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Dendritic bundling in layer I of granular retrosplenial cortex: intracellular labeling and selectivity of innervation.

Authors
  • Wyss, J M
  • Van Groen, T
  • Sripanidkulchai, K
Type
Published Article
Journal
The Journal of comparative neurology
Publication Date
May 01, 1990
Volume
295
Issue
1
Pages
33–42
Identifiers
PMID: 2341634
Source
Medline
License
Unknown

Abstract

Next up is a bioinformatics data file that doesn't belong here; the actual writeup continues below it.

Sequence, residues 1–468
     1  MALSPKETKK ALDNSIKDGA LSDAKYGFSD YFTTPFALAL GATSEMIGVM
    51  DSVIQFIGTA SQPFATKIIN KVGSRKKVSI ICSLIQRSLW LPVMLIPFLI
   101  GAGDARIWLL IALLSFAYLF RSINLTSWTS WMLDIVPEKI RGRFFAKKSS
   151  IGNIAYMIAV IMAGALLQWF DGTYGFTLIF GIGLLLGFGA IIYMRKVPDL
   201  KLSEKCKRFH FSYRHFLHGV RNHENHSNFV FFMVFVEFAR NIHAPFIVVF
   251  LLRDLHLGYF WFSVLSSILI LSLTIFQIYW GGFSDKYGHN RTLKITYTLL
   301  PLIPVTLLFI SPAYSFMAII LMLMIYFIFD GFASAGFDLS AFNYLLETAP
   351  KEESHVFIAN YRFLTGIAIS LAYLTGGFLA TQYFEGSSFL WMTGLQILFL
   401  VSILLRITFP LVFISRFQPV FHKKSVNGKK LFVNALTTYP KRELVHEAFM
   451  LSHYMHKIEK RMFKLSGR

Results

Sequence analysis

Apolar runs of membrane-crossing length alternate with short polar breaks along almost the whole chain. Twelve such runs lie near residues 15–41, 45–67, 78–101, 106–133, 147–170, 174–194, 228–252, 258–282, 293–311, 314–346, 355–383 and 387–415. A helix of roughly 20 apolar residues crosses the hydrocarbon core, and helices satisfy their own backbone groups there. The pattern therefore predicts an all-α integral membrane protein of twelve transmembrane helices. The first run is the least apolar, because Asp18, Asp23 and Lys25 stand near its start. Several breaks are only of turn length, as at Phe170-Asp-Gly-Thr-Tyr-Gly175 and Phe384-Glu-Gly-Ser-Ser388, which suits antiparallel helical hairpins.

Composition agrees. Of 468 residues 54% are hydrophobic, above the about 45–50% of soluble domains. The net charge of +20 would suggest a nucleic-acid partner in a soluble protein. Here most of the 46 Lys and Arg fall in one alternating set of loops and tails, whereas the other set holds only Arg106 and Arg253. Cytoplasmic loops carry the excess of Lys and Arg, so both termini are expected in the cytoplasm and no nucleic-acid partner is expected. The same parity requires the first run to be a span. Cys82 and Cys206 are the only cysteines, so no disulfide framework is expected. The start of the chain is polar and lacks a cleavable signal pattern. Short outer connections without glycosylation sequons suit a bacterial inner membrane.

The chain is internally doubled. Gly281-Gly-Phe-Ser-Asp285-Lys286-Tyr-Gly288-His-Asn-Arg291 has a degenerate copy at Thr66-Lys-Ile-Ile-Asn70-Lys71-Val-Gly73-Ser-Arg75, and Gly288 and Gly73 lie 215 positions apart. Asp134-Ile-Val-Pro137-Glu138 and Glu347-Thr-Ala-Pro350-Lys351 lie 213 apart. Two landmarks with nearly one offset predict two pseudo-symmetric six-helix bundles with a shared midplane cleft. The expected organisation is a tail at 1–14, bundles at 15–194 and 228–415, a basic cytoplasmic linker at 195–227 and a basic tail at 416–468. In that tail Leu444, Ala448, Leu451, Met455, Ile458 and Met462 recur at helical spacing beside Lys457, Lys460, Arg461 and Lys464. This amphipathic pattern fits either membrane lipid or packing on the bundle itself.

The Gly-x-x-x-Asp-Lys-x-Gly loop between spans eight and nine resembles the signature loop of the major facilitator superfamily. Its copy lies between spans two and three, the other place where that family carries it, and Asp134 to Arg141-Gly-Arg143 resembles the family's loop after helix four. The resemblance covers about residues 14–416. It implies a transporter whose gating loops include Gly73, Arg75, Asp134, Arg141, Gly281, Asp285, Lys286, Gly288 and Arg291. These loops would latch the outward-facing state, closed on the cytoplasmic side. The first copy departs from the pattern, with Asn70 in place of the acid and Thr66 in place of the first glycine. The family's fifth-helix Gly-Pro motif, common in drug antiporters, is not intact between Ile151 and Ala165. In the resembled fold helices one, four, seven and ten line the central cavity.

The extrinsic projections to and from the retrosplenial cortex have been studied in detail, but the intrinsic circuitry within this region has been characterized less completely. To further define the internal connections, small injections of the retrograde, fluorescent tracer Fluorogold were made into the retrosplenial cortex of the rat. These injections label neurons in layers II-V of the contralateral homotopic cortex. In layers III-V, the labeled neurons are present over an area much larger than the injection site, but in layer II neurons are labeled in a very precise homotopic pattern. Following these injections, only the neurons in layer II display heavily labeled apical dendrites, and these labeled dendrites form tight bundles in layer Ic and Ib of the cortex and spread out in layer Ia. An examination of Golgi-stained material demonstrates that most of the neurons in layer II are small pyramidal cells with 2-3 small basal dendrites and a single, large apical dendrite that arborizes extensively in layer Ia. To verify the structure of the layer II neurons, they were intracellularly filled with Lucifer yellow. Examination of these labeled cells confirms the observations from the Golgi-stained material and demonstrates that many apical dendrites of the layer II cells angle acutely, apparently to join a bundle and/or avoid an interbundle space. Tract tracing experiments demonstrate that the anteroventral nucleus of the thalamus appears to project selectively to the region containing the dendritic bundles, whereas intracortical projections appear to terminate in layers Ib and Ic in the 30-200 microns spaces between the bundles. Furthermore, the areas containing the bundles display dense AChE staining, but the interbundle spaces are almost free of AChE staining. These findings demonstrate a form of dendritic bundling that is input and output specific and may play an important role in the regulation of thalamic inputs to the cingulate cortex.

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